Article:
We spend more time in the town near our woodland property. It has a very satisfying Mexican restaurant. All of us are pleased when eating there. The margaritas are a nice treat as well. We go for ice cream, sometimes pizza, groceries of course. Today was all about the cranberries from the grocery store. I strung them with the intention of hanging them on a nearby pine tree, a new solstice ritual I thought. But as the daylight faded away I remembered standing on the same spot this summer, bathed in daylight. I felt strange in the dark illuminated by the citronella torches. The other two had just returned from a wander in the woods. I wish I had gone. They found and climbed a deer stand. A great view was all I heard. The sound of it reverberating within my head with regret. We never got around to the cranberries. It can wait until tomorrow.

My dread of washing the dishes in this twenty degree weather creeps in but subsides with the thought of a warm respite while putting the kid to sleep. When I finally return to the dishes drying on the wooden rack outside I find slim slivers of ice on them, the utensils have all but frozen together. There is ice forming on the dishwater still in the little tub.

I think about what I want to remember of 2015. I want to remember that feeling of accomplishment I felt putting the dishes away. I want to remember the groan when I see we need to chop more wood. My husband expects me to contribute equally in this chore now. I really don't mind. I should be thankful for the wood and the warm fires.

Country Dave, DJ from WOJB radio out of the nearby town of Reserve, Lac Coutes Orielles, announces that we have reached our forecasted low of 24 degrees. Which means it could get colder. This time in the cold makes me feel hardy when I return to the city. Hardy is a good feeling to cultivate when living In the US North. I drink tea. With a little whiskey on the side. Some water and then more tea. Lemon zinger. Echinacea immune support. Sleepy time vanilla. I let the tea bags collect as I make each new thermos. The mingled flavored intensify through the cold night and warms my body hardy enough for 24 degrees in the woods. Solstice. In the woods.

The clouds thin for just a moment letting the moon shine through. The brevity of the moonlight moment makes it seem ghostly. Her whispy appearance feels like a blessing after so many weeks of clouds and gloom. Solstice in the woods.

The snow has come and transformed the landscape overnight. Not a lot of snow, less than inch. Enough to see the tracks of animals that walked on our property during the six hours I slept. And enough to complicate the day. No snow pants for the girl, no snow boots for me.

There is the possibility that we will return to the city a day early. We end up with the plan to stay another night. I take a nap. Can't remember the last time I did that.

The plan involves heading to the larger town just thirty minutes away (we think) from us to see the new Star Wars movie. Turned out to be forty five minutes and it was better than I could have imagined. The experience and the movie. I kept looking over at Dave sharing a smile over our daughter's head, another sort of dream come true. I didn't look over though when I was crying because yes I did cry while watching the new Star Wars.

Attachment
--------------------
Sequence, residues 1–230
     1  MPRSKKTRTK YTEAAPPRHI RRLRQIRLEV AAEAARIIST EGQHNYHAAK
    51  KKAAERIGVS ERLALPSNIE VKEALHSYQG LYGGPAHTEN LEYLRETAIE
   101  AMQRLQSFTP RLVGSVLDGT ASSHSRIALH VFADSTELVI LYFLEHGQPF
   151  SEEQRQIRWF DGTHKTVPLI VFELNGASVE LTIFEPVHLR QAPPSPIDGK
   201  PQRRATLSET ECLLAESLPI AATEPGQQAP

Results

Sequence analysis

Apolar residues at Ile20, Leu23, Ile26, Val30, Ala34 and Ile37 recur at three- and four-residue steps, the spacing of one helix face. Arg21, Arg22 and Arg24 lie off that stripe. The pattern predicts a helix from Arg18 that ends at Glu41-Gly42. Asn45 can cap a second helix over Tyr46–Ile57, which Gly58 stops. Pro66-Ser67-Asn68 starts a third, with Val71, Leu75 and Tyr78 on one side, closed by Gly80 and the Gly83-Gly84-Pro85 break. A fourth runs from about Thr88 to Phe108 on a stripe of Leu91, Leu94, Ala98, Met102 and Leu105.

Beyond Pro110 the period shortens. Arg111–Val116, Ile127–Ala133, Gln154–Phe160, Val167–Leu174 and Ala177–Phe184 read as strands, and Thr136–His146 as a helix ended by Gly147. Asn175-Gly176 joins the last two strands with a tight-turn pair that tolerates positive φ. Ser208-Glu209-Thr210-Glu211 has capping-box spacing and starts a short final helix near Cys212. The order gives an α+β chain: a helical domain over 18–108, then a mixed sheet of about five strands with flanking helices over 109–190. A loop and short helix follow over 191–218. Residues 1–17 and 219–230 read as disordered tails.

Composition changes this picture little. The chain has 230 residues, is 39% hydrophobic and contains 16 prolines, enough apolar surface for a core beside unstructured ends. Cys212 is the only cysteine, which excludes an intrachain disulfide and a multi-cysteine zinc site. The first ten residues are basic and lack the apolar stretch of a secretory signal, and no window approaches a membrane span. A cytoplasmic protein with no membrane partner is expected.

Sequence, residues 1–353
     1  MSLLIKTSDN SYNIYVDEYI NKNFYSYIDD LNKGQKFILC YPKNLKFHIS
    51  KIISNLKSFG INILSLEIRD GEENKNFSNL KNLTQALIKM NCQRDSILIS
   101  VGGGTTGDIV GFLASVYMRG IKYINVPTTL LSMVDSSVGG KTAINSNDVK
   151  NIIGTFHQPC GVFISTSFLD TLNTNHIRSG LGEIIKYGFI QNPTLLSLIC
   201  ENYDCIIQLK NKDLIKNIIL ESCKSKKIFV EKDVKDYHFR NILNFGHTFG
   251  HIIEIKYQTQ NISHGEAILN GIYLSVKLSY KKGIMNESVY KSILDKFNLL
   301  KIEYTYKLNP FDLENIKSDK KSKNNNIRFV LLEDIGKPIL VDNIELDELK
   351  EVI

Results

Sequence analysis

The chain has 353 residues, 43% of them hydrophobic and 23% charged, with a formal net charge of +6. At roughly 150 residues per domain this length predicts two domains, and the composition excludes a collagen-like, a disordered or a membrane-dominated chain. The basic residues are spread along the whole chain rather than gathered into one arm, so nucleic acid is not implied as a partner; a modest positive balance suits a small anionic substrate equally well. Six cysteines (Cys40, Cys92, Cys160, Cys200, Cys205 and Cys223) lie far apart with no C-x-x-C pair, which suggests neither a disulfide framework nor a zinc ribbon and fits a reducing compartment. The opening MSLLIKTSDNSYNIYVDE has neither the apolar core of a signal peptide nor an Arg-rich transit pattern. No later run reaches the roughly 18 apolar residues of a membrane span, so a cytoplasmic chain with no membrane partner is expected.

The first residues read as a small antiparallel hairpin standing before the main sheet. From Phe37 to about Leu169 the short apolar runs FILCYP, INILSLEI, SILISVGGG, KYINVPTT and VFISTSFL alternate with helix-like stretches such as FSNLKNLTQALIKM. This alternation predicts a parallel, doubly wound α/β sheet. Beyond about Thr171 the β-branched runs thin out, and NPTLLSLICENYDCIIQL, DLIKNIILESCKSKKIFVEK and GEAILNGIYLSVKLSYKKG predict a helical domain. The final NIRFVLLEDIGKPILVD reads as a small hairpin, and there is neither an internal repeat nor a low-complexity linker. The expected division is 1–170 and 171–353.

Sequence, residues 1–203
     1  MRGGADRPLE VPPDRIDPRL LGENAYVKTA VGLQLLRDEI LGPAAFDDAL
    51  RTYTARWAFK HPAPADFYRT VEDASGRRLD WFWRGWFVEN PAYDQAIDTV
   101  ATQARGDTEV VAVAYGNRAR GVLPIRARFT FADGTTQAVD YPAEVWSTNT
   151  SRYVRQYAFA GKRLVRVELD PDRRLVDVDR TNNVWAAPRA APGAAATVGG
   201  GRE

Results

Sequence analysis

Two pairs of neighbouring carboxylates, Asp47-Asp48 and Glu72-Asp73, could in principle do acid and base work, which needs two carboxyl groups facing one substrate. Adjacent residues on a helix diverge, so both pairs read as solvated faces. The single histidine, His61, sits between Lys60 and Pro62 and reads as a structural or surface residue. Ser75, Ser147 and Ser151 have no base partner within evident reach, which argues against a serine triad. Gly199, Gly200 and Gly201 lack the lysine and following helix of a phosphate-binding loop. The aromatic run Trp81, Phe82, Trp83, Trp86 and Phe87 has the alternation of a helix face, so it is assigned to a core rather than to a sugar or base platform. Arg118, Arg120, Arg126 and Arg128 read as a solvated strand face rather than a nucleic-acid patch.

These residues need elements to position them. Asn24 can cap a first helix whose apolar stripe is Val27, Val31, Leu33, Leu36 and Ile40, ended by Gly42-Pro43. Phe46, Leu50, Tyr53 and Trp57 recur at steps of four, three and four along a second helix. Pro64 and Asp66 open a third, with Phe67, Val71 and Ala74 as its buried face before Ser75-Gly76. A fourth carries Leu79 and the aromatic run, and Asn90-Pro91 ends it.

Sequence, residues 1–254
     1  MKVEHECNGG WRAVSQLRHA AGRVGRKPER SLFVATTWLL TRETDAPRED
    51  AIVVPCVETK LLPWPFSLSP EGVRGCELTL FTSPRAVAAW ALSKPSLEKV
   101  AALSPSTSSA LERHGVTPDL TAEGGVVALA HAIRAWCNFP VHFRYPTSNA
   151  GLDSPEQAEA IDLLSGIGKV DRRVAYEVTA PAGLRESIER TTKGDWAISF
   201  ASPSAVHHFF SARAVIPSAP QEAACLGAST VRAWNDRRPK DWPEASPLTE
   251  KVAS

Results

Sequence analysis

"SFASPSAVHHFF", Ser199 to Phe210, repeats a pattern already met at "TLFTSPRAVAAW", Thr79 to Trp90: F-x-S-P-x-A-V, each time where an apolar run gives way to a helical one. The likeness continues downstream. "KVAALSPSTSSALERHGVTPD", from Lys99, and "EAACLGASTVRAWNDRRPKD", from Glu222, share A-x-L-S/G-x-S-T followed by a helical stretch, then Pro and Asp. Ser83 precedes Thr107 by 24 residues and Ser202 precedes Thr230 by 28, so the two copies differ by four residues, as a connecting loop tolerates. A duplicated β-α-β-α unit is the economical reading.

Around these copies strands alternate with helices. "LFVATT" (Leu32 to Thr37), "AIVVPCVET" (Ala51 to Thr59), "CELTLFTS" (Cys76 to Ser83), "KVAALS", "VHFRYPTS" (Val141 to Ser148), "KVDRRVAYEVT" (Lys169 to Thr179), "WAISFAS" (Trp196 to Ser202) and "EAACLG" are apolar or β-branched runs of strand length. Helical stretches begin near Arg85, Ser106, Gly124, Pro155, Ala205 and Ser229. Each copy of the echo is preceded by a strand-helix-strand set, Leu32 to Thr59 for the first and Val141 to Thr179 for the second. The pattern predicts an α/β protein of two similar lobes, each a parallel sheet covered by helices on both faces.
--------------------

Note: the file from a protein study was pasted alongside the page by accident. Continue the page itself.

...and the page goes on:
The wind picks up while we are at the movies. The temps are just one degree above freezing but the wind makes it feel chilling to the bone. I'm in three layers but without the right boots. The big wool hood I knit for myself last summer helps me push the time further. The expected return to the city keeps me outside in this frigid cold. The hood has a heavy drape and curves around my face keeping my cheeks from being exposed to the wind. Big win. When the wind dies down the hood is too warm. Tea saves my cold ass again.

Our final morning begins with rain. Such an odd wintry mix of weather. We will try to get home before the rain turns to snow. 

I've been super excited about the girl's artwork.The presents this year are all about art.

We hit the snow line on our way home but there was nearly none in the city. Just a slopfest that turned to ice over night. We need to take care of that before the snow hits or else it will be icy the whole entire winter.

The year is ending how it should. At least in terms of the weather. The Solstice is just the beginning of winter break for us. Nearly two weeks to go before the hustle and bustle of the new years begins. I feel desperate to bring everything to a finish while giving thanks for all that is good. But I also have to come to grips with the challenging aspects of 2015 so as to repeat the lessons I apparently need to learn. I get the feeling that I should write about it to let it out and maybe that is exactly what I will do. But not today.

Today is about family and celebration and gratitude and self-care.

I wish for goodness for anyone that may happen to read this. I hope your holidays are full of joy!


  1. So happy to see a post here! I have images of darkness, fire, trees, tea, chopping wood, cold, and warmth in my head after reading. Thank you for this lovely snapshot of your lives in the woods.